My medical condition affected my eyes, and before the surgery the use of books, computer screens and other reading materials was difficult. Almost immediately after the surgery the condition began rapid remission and I was able to complete the Winter Semester 2001 and the Spring Session 2001 without further impairment or impediment. The reduction of difficulty with my vision enabled a more complete use of the I
NTIMEmaterials and techniques in Fall Semester 2001, Winter Semester 2002 and Spring Session 2002. I now have a clean bill of health because the condition was not malignant, and subsequent examinations have found no evidence of recurrence.

Anticipated Future Applications of INTIME Methodology:

 I have expanded the use of instructional technology far beyond the undergraduate course for which I originally intended to use it.

I now teach all my courses either in computer laboratories or "smart rooms." I suspect I am the only Social Foundations scholar to do so. My course syllabi, personal Curriculum Vitae, and other relevant sources are on the Internet on my professional web page:

http://www.emunix.emich.edu/~gwaltney/

The page above is undergoing extensive revision prior to the Fall Semester 2002.

SOFD328 Schools in a Multicultural Society was the target course and the reason I wanted to participate in the I
NTIMEProject. I now use sites and sources for teaching SOFD572 History of Education, a graduate-level course for those seeking advanced certification.

In the Fall Semester I shall be using some approaches for a section of UNIV179 Introduction to University Studies.

I have added a dimension in all of my courses in that I now post reserve materials in the "Electronic Reserves" available to faculty members here at Eastern Michigan University. See the following site:

http://reserves.emich.edu/

This has enabled me to eliminate one textbook--and the incredible additional cost to my students--while adding more relevant and current information than that which they would have received by paying nearly one hundred dollars for a book which when "new" was three years outdated when published.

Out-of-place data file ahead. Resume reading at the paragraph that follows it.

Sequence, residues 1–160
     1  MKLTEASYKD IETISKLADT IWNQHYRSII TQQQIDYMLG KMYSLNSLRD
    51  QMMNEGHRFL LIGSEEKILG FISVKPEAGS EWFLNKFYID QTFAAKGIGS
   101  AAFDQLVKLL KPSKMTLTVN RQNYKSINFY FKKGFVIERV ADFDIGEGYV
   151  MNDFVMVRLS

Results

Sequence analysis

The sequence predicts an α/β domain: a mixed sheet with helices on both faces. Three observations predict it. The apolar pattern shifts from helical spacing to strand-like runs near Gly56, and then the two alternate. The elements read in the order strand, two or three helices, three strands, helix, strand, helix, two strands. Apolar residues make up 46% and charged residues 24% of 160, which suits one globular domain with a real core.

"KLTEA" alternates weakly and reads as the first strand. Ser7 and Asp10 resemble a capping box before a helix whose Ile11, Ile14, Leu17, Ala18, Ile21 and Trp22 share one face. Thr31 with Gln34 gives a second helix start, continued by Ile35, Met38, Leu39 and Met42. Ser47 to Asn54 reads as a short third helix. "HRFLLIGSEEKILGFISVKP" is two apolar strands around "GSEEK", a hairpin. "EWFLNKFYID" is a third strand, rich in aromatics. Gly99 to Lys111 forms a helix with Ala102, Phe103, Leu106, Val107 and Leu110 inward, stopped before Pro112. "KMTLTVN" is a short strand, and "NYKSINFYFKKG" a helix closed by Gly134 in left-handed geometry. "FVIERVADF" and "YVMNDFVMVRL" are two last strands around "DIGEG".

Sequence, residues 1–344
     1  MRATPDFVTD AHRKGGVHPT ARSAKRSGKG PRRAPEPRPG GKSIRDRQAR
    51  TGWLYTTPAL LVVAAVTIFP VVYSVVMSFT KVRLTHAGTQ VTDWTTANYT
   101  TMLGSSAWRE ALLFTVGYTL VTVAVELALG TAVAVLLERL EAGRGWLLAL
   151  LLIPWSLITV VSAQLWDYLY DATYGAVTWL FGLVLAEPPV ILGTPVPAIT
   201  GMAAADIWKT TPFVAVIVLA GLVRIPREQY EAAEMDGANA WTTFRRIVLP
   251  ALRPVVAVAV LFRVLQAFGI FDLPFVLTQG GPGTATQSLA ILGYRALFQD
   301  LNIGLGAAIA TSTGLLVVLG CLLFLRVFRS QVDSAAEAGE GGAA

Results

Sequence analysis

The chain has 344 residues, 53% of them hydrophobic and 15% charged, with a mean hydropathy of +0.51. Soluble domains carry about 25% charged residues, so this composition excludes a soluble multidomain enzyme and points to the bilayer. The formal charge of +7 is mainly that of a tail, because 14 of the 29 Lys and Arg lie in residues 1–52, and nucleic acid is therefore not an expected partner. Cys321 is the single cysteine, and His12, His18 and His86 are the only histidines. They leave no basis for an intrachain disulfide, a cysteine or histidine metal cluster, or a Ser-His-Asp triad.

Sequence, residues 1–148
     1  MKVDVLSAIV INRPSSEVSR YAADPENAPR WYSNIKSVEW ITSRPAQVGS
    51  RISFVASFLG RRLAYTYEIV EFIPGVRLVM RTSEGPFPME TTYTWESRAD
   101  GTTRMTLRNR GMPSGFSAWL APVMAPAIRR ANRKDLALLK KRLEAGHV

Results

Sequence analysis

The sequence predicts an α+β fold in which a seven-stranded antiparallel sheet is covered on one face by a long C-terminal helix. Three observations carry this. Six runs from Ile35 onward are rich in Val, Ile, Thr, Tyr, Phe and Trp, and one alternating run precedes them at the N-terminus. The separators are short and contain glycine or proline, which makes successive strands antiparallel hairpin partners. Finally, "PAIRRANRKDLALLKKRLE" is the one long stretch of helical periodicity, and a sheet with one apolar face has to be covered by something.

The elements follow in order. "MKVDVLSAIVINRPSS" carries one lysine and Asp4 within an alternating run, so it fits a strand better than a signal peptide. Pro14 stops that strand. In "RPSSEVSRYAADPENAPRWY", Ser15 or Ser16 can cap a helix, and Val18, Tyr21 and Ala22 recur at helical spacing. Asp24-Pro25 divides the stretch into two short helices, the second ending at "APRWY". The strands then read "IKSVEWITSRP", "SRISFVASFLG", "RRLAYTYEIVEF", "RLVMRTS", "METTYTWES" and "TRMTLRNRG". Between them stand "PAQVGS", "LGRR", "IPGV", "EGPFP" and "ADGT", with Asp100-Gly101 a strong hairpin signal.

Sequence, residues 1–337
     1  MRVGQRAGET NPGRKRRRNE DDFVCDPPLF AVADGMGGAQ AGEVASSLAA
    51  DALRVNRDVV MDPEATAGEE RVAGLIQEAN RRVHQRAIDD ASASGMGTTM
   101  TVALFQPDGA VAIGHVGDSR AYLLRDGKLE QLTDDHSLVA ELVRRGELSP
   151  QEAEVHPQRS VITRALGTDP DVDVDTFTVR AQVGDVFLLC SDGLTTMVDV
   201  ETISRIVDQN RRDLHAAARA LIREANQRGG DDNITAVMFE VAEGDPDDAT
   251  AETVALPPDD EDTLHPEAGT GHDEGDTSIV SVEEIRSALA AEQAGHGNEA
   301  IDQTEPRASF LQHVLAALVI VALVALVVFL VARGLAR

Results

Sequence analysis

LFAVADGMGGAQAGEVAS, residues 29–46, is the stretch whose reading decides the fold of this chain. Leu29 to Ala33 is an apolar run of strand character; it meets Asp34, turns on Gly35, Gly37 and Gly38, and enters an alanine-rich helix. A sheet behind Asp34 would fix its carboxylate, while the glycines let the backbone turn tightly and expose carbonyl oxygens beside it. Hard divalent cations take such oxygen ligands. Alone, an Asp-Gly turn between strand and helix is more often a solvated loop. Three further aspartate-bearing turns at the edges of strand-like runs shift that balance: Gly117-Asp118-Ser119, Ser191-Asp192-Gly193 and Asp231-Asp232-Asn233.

Other Applications of the INTIME and Other Relevant Formulations of Technology:

In the past two years I have made numerous presentations at professional conferences and workshops. I participate with staff development and school improvement. I have made presentations which use technology in two Best Practices Conferences (2000 and 2001). In each instance I used available materials to demonstrate how new approaches have facilitated my own improvement as an educator.

I made a presentation in April 2002, "Keeping Excited and Motivated as a Professor," for the Showcase of Faculty Excellence at Eastern Michigan University. The Showcase was sponsored by the Faculty Center for Instructional Effectiveness. I mentioned experiences which had affected me, including I
NTIME.

The most recent presentation which I made was at the Country School Memories Conference at the University of Iowa, June 27-28, 2002. The presentation was titled, "Using Technology to Teach about Country Schools." The members of the audience were fascinated at the juxtaposition of history and technology. After nearly a half century of working as a professional educator, I find that history and the future complement each other, because, after all, they are close relatives.

I shall likely make a similar presentation at the Tenth Anniversary Conference of the Michigan One-Room School Association to be held at Eastern Michigan University in May 2003. It began here and is returning to its roots.

Summary:

The INTIME Project has generated materials and techniques, which have wide applicability for students and professors in teacher preparation courses. I have cherished my involvement in the program and am grateful for the approaches I have learned and continue to learn. 

I have made adaptations and additions to fit my Social Foundations course, and I shall continue to use the materials and make reference to colleagues with reference to the I
NTIMEcontributions.

Conclusion:

The INTIME developers and participants--and their significant work--will continue to be an integral part of my course materials. I shall ever be indebted to them for their contributions to the betterment of the learning environment of my students and me.

Student course evaluations indicate that students are satisfied with the materials and with the I
NTIME approach to learning.

I shall continue to use the I
NTIME materials so long as they are readily available.